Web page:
Linked by Thom Holwerda on Wed 5th Mar 2008 09:43 UTC, submitted by diegocg
Sun Solaris, OpenSolaris "OpenSolaris has launched a new project, Flexible Mandatory Access Control, to integrate the Flask/TE security scheme into their OS. This is the same underlying model implemented by SELinux, and follows other cross-platform Flask/TE integration projects such as SEDarwin and SEBSD. This is very exciting in terms of establishing compatible security across operating systems, particularly for Mandatory Access Control, which has traditionally been narrowly focused and generally incompatible. With FMAC, we're closer to seeing truly ubiquitous, cross-platform MAC security."
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RE[4]: Trusted Solaris?
by PlatformAgnostic on Wed 5th Mar 2008 17:09 UTC in reply to "RE[3]: Trusted Solaris?"
PlatformAgnostic
Member since:
2006-01-02

Any idea why the cost is so high?

On Windows, we do the expensive security check when you open a handle (aka fd) and you are granted tbe desired rights until you close the handle. There is a cost when using handles of checking that the handle has been given the right needed for each operation, but it's a single AND and a comparison that happens in the handle table lookup codepath.

What does SELinux do that is more expensive?

Reply Parent Score: 3

RE[5]: Trusted Solaris?
by sbergman27 on Wed 5th Mar 2008 18:20 in reply to "RE[4]: Trusted Solaris?"
sbergman27 Member since:
2005-07-24

Any idea why the cost is so high?

In this case, apparently it was checking more frequently than necessary. From the email that Method and I were looking at:

I found a overhead in selinux_file_permission function.
This is a function that is called in read/write calls,
and does SELinux permission check.
SELinux checks permission both in open and read/write time.
Stephen Smalley sugessted that we can usually skip permission check
in selinux_file_permission.
By this patch,
permission check in selinux_file_permssion is done only when
- sid of task has changed after file open
- sid of inode has changed after file open
- policy load or boolean change happen after file open

Just how much work has actually gone into optimizing SELinux performance is unclear to me. The Fedora Core 5 SeLinux FAQ, which is the latest available, has this to say:

SELinux performance tuning continues to be a priority of the development team.

The "Unofficial SELinux FAQ" says:

Currently, the performance overhead is approximately 7%. There has been little effort to date to optimise the SELinux code for performance, and in some cases such as networking the impact may be higher. The SELinux development team is looking at improving performance. If you set "selinux=0" as a kernel boot option, SELinux will have no performance impact.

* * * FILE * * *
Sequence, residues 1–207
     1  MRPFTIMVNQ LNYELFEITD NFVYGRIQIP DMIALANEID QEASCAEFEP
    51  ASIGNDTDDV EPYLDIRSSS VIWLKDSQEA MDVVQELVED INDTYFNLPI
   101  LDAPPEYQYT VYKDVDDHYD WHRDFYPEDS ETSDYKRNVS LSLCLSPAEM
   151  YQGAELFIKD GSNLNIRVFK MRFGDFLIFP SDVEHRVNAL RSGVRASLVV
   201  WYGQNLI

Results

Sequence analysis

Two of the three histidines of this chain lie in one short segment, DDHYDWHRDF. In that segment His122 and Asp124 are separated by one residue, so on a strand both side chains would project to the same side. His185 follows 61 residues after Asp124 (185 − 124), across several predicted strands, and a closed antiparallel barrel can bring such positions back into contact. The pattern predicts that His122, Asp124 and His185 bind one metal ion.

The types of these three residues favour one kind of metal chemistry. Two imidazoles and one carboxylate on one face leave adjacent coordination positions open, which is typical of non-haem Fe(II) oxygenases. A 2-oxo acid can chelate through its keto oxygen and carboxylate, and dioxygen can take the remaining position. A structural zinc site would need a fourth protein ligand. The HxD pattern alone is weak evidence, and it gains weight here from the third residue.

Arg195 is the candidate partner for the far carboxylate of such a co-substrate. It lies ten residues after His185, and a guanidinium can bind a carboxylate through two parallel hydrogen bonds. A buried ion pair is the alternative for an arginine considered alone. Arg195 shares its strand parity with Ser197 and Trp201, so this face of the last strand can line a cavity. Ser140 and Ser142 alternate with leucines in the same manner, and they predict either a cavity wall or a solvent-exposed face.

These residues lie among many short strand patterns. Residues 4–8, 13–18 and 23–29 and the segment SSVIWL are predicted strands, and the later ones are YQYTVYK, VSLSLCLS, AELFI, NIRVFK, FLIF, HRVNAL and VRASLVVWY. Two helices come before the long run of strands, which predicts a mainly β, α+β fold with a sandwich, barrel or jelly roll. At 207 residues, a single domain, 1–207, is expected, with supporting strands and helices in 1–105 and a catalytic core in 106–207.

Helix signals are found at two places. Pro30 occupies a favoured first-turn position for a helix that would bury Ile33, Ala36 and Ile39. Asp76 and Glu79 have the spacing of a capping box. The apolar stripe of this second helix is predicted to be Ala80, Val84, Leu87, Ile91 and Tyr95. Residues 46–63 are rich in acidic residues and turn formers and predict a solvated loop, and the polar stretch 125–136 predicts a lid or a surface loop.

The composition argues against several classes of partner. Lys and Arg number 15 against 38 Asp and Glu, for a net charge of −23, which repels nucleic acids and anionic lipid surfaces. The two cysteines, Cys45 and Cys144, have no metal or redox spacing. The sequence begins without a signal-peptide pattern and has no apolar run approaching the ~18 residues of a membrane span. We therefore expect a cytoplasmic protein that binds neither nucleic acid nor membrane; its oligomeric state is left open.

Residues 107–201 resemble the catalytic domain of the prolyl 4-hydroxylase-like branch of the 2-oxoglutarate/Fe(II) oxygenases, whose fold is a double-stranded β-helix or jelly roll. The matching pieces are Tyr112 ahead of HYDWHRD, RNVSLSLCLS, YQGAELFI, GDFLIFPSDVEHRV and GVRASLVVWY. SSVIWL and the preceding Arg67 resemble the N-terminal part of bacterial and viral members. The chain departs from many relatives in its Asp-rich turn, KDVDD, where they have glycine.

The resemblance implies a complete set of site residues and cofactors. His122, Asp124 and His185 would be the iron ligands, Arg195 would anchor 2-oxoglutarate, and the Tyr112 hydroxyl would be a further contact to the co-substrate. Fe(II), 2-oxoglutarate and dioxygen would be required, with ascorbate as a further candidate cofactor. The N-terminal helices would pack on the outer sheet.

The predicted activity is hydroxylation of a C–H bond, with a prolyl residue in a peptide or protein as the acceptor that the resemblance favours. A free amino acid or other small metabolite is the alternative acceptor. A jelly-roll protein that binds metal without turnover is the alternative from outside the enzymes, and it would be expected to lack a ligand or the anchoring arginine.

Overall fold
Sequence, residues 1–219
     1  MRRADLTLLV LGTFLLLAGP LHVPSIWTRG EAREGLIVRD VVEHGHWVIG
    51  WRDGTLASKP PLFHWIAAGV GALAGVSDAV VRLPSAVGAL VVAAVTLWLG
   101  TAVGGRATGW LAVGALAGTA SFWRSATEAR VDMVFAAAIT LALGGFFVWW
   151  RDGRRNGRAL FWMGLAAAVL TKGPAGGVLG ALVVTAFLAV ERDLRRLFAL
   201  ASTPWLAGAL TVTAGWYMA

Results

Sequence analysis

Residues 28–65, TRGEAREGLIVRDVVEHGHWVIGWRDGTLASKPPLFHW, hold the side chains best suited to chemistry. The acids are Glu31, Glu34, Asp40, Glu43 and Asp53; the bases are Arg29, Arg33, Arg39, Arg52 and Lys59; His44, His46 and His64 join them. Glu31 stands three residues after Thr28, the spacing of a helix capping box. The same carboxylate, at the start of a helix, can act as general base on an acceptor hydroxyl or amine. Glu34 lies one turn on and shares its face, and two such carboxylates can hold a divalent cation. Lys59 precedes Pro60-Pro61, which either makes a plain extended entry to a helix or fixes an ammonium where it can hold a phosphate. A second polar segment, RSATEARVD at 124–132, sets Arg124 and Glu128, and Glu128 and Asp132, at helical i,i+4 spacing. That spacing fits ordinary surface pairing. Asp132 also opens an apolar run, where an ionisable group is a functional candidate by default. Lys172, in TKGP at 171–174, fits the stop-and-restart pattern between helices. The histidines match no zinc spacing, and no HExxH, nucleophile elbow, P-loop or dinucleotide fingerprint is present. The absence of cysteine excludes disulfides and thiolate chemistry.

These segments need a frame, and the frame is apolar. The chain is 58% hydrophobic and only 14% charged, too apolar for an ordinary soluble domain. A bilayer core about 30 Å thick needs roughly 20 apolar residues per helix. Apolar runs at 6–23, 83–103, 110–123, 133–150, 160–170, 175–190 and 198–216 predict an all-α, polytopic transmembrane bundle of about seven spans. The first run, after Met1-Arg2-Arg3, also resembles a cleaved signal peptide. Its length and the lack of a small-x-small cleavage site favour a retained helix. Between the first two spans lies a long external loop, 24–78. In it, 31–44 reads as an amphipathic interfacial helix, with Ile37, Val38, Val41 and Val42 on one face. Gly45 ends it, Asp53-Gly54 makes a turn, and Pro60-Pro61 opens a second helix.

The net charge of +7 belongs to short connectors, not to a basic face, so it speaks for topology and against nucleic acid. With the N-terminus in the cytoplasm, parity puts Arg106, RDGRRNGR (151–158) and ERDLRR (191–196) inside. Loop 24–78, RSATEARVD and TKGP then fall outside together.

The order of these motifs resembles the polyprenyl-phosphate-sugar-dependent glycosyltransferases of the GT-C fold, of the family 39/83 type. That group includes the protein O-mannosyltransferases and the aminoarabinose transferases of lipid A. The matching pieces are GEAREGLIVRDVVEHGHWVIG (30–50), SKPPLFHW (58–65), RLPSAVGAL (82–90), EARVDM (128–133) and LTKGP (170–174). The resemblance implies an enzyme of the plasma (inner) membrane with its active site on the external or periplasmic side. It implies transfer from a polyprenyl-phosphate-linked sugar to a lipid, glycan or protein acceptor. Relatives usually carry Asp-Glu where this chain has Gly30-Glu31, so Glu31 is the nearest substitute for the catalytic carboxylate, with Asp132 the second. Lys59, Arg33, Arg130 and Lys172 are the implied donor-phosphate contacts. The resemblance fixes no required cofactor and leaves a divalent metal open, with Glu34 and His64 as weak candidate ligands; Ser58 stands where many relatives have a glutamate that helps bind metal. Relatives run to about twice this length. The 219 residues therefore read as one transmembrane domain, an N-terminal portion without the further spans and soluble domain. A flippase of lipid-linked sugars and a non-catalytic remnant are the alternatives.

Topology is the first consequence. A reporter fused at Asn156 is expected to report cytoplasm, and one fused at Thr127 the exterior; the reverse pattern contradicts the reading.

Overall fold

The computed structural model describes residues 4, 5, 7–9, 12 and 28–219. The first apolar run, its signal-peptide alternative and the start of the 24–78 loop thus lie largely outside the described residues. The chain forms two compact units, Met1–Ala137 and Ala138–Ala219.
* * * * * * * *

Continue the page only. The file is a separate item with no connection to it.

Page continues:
There has been quite a bit of work on the performance of SE Linux. In early 2005, SE Linux was optimised for machines with 32 or more CPUs. Recently changes have been made to the kernel code to reduce memory use (not in kernel.org or distribution kernels yet).

So, based upon that, while there has been little effort to date to optimize SELinux code for performance, there has been quite a bit of work on the performance of SE Linux. But those of us unfortunate enough to have fewer than 32 cores are SOL in any case. ;-)

The official SELinux FAQ is mum on the issue.

Edited 2008-03-05 18:32 UTC

Reply Parent Score: 3

RE[5]: Trusted Solaris?
by Method on Wed 5th Mar 2008 18:20 in reply to "RE[4]: Trusted Solaris?"
Method Member since:
2006-05-15

Any idea why the cost is so high?

On Windows, we do the expensive security check when you open a handle (aka fd) and you are granted tbe desired rights until you close the handle. There is a cost when using handles of checking that the handle has been given the right needed for each operation, but it's a single AND and a comparison that happens in the handle table lookup codepath.

What does SELinux do that is more expensive?


It use to revalidate read/write perms on every read and write so that if access were revoked, due to file relabeling, policy reload, an open file descriptor being passed to a domain that did not have read/write access or policy boolean change the access would be denied.

Now it still supports that but doesn't have to consult the policy each time because it keeps the policy sequence number, which is incremented and keeps track of relabels.

This is different than most other implementations because we wanted to support revocation and wanted to be able to fully understand, via policy, what domains could access what files. Unfortunately we can't fully support revocation due to the ability to mmap() files.

Edited 2008-03-05 18:24 UTC

Reply Parent Score: 2

RE[6]: Trusted Solaris?
by PlatformAgnostic on Fri 7th Mar 2008 02:42 in reply to "RE[5]: Trusted Solaris?"
PlatformAgnostic Member since:
2006-01-02

The revocation issue is interesting and one that is totally unsupported by Windows in the current incarnations. It could be implemented for all kernel securable objects, however, without breaking the driver ABI(I've got a way in mind).

Application compatibility, on the other hand, would suffer greatly. And it would create the risk of data loss and mysterious failures when an application can open a file successfully with write access but then fails to write due to asynchronous changes to the ACL. As a practical matter, do these revocations work? Is it easy for an administrator to do it through the tools available, or is this just a theoretical capability of the system?

Reply Parent Score: 2